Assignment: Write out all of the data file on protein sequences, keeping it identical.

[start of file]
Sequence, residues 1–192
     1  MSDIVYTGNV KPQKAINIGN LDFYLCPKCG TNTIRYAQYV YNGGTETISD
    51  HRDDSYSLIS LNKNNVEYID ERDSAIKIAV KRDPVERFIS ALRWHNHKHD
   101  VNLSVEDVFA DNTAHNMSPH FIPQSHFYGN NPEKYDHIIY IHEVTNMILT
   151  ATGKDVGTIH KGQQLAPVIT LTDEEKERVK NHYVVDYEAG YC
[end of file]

Sequence, residues 1–192
     1  MSDIVYTGNV KPQKAINIGN LDFYLCPKCG TNTIRYAQYV YNGGTETISD
    51  HRDDSYSLIS LNKNNVEYID ERDSAIKIAV KRDPVERFIS ALRWHNHKHD
   101  VNLSVEDVFA DNTAHNMSPH FIPQSHFYGN NPEKYDHIIY IHEVTNMILT
   151  ATGKDVGTIH KGQQLAPVIT LTDEEKERVK NHYVVDYEAG YC